As a non-collecting museum, the Frist doesn't have a permanent collection in the truest sense; rather, it focuses on creating exhibitions as well as securing traveling exhibitions from around the country and the world, such as surrealism, printmaking, water color painting, cartoons and natural canvases by local and regional artists. Most impressive, the upstairs offers interactive activities for young and old, so make sure to try their hand at the different art mediums!

An example of Art Deco and Stripped Classicism architectural style, the building was added to the National Register of Historic Places in 1984.

Opening Hours:
Mon-Wed: 10:00am–5:30pm; Thu, Fri: 10am–9pm*; Sat: 10am–5:30pm; Sun: 1–5:30pm**
*Martin ArtQuest closes at 5:30 pm / **Café opens at noon on Sunday
Closed: Thanksgiving, Christmas, and New Year's Day
Union Station - A Wyndham Historic Hotel

6) Union Station - A Wyndham Historic Hotel

In the heart of Nashville, within walking distance from the main strip with Tootsies Orchid Lounge and all the little dive bars that Nashville is famous for, the Union Station's newly imagined spaces pay homage to the property's rich history by seamlessly weaving stunning and timeless architecture with contemporary and provocative details.

Stylish, modern seating and original commissioned art inspired by the city's legendary music scene stand in contrast to the preserved soaring barrel-vaulted stained glass ceiling. Large-scale steel sculptures made from re-purposed and recycled materials and three 10-foot-tall chandeliers inject a sense of glamour and drama to the grand lobby's monumental space.

Designated as a National Historic Landmark, train station continues to serve up tailored service, culinary delights, rich history, intriguing art, and of course – a true music experience. The vibe is contagious and the look is unique, so walk by and drop in, even if just to grab a drink at the lobby bar.
Music City Convention Center

7) Music City Convention Center

A beautiful facility with plenty of space for any large gathering, downtown's Music City Center is one of the better convention centers in the country, with the curvaceous outward appearance adding to its appeal. Opened in May 2013, the complex offers a large 1.2 million square footage of meeting space and exhibit options, and you may as well check out their website's calendar to see what events are coming up. The building itself is said to be shaped like a guitar, but the best part is that the exhibition hall actually has some natural light. There are a few permanent art installations and the country music songwriters' showcase, but the huge venue is also used for concerts and sporting events. See if you can catch a national volleyball tournament, a log home show and a concert all at the same time!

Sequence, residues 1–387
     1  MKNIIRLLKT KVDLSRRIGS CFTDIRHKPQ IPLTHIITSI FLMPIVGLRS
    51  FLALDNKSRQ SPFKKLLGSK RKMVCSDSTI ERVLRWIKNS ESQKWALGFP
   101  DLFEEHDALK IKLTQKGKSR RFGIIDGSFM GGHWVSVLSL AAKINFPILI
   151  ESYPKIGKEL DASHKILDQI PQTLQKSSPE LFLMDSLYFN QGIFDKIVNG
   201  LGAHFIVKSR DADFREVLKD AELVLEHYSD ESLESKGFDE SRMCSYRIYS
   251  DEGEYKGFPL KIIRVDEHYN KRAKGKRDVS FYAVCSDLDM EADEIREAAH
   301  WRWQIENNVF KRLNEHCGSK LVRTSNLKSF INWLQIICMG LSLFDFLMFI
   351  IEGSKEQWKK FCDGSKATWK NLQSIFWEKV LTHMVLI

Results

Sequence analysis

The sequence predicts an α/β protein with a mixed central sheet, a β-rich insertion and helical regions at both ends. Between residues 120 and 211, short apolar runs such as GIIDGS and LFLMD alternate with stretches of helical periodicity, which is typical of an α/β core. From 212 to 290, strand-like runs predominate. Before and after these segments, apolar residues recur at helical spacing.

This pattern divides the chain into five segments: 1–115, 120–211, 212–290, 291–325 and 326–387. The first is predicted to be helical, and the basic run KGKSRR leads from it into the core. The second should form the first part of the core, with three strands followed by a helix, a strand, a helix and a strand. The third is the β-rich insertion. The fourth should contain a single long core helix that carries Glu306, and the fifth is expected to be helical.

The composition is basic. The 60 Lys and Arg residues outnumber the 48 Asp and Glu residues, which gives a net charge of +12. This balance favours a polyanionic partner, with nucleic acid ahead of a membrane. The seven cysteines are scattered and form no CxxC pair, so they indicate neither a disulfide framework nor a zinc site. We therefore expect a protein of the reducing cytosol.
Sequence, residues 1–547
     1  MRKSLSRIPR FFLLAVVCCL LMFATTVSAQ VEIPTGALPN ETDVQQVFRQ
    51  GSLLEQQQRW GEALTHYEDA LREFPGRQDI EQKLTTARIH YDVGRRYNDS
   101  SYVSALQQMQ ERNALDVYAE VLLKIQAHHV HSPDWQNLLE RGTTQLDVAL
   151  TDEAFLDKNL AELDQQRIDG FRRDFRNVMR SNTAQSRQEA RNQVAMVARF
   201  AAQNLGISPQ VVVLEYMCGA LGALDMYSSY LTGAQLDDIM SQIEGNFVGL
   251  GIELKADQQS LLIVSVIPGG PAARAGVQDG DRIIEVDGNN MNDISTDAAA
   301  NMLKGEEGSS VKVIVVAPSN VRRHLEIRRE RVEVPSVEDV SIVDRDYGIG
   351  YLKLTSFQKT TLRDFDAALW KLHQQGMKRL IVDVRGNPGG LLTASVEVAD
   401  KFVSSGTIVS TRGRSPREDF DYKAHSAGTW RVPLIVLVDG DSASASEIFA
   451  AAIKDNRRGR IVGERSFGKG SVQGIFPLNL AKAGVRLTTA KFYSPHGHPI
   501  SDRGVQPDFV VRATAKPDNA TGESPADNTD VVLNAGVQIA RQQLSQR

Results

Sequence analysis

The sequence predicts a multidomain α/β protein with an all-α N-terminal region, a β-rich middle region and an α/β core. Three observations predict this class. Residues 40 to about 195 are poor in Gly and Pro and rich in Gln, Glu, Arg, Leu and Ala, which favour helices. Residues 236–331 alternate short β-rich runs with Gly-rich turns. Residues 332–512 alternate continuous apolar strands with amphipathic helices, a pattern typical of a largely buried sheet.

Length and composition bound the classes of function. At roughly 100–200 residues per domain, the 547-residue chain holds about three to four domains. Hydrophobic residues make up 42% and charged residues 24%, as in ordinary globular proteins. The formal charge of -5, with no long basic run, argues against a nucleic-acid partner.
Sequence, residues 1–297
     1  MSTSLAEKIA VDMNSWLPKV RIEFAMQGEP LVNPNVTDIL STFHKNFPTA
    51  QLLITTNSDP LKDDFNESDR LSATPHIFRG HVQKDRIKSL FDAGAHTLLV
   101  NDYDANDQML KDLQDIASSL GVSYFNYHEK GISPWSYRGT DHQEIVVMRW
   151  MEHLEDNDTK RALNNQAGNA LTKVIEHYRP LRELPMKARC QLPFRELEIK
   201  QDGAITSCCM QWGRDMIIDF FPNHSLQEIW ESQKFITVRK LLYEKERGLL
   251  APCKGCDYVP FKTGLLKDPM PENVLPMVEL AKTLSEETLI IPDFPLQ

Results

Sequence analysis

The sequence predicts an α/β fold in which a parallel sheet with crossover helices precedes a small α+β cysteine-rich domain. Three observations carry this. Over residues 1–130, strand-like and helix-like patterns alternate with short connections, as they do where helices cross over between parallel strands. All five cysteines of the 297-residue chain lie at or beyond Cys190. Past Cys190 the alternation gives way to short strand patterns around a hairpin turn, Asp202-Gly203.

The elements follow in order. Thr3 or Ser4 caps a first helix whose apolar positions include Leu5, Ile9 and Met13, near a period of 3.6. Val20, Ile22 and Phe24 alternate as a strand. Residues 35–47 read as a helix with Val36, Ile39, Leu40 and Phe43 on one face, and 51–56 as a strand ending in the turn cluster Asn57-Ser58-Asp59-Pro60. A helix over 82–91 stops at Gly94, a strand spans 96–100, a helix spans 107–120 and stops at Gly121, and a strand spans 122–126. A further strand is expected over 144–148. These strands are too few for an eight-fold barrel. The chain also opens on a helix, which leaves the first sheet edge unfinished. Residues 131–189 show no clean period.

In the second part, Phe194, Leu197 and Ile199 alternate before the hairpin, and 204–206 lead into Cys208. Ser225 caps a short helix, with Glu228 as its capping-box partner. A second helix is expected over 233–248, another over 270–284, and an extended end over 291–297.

Country Music Hall of Fame and Museum

8) Country Music Hall of Fame and Museum (must see)

The distinctive design is the first thing you will notice about this monument to country music. Vertical windows at the front and back of the building resemble piano keys; the sweeping arch on the right side of the building portrays a 1950s Cadillac fin; and from above, the building resembles a bass clef. The hall of fame was first established in the 1960s, and its first inductees were Jimmie Rodgers, Hank Williams, and Fred Rose. The original hall was located on Music Row, but in 2002 it moved to this signature building two blocks off Broadway. Country music fans are drawn by the carload to the hall of fame, where they can pay homage to country's greatest stars, as well as the lesser-known men and women who influenced the music. Those who aren't fans when they walk in generally leave with an appreciation of the genre's varied roots. The hall's slogan is "Honor Thy Music".

In addition to galleries, the museum has the 776-seat CMA Theater and the Taylor Swift Education Center, an interactive space upstairs where kids and parents can think creatively about songwriting and music making and, during scheduled programs, learn to play instruments (check schedules for dates and times). Other historic properties of the Country Music Hall of Fame and Museum include the letterpress operation Hatch Show Print (located inside the museum) and Historic RCA Studio B (located on Music Row), Nashville's oldest surviving recording studio, where recordings by Elvis Presley, Dolly Parton, Waylon Jennings, and many others were made.